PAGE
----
Another issue is that Blue Labour does not know how to talk about women, or even attract very many of them to its cause. For a movement that bills itself as passionately pro-family and pro-relationship, that is an oversight. Blue Labour has been accused of idealising a period in which women were mostly constrained to domestic roles. I take my critique to Glasman, who accepts it “with humility and penance”.

“The autonomy of women has been hugely important to all of us,” he says. “But somehow that didn’t come across. There are women in the movement but it is the case that we’re not a primary source of affection for women.”

As I see it, the biggest problem Blue Labour faces is that the Conservatives might steal their lunch. It is impossible, yet, to know how far Johnson will go in his vow to reward his new blue-collar voters. The decision to go ahead with HS2 and pump money into bus services is certainly suggestive. As Goodhart says: “Our politics is already post-liberal and Blue Labourish, in a way. The Tory party now partly occupies that space.” Blond agrees. “The new political reality is post-liberal,” he tells me. A battle is underway on the right too, between Red Toryism and traditional Thatcherism. “We will probably end up with an unsatisfactory amalgam of the two,” he says.

Blue Labour’s struggle for oxygen within Labour reflects a paradox that has both hampered and energised the left for decades. On the one hand, Labour is internationalist and sees itself as a player in a global struggle against oppression and exploitation. On the other, it is fiercely localist and aspires to fight the little guy’s corner. Balancing these two interests requires a nimbleness it seems to have lost.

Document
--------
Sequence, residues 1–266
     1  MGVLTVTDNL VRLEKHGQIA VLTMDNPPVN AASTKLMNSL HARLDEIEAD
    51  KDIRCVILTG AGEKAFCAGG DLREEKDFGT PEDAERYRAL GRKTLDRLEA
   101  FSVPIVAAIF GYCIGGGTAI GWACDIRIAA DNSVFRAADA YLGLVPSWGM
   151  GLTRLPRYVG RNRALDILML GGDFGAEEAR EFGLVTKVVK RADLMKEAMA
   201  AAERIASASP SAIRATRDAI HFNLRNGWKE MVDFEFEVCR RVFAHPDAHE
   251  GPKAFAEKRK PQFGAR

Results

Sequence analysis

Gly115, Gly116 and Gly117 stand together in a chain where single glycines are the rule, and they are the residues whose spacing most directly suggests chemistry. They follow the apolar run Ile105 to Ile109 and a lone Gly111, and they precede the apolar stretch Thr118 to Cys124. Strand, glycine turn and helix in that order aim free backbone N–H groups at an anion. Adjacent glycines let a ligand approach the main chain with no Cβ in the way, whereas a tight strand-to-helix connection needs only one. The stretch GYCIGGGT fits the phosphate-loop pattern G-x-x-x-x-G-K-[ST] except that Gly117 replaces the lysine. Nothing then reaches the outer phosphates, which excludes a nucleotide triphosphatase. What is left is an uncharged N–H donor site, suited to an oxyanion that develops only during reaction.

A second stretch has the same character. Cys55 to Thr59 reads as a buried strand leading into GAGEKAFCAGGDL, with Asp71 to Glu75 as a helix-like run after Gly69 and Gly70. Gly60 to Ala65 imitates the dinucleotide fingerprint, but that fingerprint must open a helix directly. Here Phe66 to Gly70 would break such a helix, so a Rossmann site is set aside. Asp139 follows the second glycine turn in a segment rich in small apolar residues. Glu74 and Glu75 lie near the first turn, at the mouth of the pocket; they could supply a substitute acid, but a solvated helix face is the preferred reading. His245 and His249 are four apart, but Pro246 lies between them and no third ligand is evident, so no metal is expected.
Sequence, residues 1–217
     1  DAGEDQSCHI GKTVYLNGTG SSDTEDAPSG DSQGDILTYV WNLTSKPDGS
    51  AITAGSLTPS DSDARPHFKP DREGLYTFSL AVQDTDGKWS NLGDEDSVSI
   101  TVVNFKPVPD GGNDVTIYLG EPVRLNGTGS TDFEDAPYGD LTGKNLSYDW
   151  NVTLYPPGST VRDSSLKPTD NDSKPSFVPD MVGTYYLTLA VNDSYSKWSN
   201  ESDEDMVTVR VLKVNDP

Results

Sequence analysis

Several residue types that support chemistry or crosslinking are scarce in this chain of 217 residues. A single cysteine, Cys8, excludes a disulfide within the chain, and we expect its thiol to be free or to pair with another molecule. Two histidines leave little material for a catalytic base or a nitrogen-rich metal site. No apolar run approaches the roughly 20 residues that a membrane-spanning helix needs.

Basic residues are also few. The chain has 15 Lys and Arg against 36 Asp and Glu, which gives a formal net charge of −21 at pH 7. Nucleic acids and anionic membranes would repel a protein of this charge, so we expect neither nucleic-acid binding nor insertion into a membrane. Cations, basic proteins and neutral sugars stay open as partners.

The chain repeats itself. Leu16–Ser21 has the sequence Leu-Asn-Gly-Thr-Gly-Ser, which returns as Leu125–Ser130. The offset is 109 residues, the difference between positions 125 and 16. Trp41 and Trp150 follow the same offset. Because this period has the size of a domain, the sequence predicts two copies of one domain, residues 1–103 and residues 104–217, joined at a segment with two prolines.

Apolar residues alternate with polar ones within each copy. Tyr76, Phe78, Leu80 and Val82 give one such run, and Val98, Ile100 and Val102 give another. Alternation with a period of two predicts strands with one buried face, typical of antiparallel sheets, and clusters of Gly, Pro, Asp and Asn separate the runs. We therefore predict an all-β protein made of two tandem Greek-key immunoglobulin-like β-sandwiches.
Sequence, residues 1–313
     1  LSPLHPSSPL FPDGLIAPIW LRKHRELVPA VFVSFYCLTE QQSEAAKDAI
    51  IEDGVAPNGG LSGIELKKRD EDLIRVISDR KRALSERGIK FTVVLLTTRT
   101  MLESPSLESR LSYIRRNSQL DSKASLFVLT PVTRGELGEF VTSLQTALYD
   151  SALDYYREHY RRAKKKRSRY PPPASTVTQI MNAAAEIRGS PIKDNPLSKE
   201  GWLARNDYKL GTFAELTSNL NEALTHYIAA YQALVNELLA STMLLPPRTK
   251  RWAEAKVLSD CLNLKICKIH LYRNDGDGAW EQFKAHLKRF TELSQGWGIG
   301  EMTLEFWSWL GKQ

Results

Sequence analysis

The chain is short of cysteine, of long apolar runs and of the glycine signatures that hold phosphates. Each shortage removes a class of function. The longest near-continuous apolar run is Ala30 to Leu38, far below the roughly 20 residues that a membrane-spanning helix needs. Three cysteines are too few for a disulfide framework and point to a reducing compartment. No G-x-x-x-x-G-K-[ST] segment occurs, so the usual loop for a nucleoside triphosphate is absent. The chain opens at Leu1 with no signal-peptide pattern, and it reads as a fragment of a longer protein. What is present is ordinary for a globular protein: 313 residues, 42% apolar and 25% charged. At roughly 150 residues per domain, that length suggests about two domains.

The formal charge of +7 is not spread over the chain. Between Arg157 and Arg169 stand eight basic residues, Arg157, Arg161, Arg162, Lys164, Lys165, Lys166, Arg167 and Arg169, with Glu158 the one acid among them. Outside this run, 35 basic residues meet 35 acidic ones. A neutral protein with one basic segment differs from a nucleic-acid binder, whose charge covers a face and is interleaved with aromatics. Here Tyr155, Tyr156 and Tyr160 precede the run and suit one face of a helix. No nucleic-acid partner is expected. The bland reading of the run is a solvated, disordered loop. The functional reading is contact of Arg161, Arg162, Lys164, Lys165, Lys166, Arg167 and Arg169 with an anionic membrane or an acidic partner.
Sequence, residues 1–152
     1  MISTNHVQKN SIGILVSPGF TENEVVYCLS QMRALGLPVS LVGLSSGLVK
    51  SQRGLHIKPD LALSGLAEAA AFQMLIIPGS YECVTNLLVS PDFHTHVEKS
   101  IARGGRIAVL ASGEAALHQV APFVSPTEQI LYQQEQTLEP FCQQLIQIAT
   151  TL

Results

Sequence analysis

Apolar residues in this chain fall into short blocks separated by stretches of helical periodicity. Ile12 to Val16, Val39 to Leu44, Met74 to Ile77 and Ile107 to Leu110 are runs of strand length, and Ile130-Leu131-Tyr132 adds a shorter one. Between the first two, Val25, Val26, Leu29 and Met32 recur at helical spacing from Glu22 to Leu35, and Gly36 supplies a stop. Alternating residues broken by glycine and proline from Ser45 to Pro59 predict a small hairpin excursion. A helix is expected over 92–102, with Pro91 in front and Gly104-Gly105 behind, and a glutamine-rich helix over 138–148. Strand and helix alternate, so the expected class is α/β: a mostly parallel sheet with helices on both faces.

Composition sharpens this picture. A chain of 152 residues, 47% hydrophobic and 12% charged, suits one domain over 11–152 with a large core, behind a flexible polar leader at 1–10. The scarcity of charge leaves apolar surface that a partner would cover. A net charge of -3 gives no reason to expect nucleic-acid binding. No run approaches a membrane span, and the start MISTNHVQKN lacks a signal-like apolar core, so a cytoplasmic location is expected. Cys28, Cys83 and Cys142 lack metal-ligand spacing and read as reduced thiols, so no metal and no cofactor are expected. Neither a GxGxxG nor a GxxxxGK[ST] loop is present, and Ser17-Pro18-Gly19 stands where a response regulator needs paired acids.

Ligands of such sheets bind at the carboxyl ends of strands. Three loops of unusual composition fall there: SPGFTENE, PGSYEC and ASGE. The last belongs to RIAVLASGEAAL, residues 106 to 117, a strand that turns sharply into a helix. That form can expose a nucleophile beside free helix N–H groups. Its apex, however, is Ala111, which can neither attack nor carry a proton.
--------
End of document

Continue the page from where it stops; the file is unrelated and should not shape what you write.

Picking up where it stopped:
It speaks to Blue Labour’s openness and idealism that no one within the group seems bothered by its marginalisation, at least for now. Rather than chase the coattails of the leadership contenders, Blue Labour figures are concentrating on building networks and trust in working-class communities. The day after the election, Glasman says, Blue Labour’s Twitter following grew by 20,000. He is perfectly prepared to engage with the Conservatives as they “consolidate their new class coalition”, because he thinks Labour is out for the long haul. When the party comes to its senses and realises it needs to return to its roots, Glasman will be waiting. But his hopes are not high.

“Labour has built its entire modern project on the triumph of free movement, globalisation, technology, universities, the middle class,” Glasman tells me. “For them to comprehend that the future is conservative is just impossible.” Labour, he adds: “Is like a family after a car accident, continuing as it was before. Understanding will take time to work its way through. If the party cannot win back the affections of the working class, it’s doomed. Blue Labour views its role as bringing sanity to a completely demented and bereft party that hasn’t come to terms yet with its loss.” Earth to Planet Fuck—anyone receiving?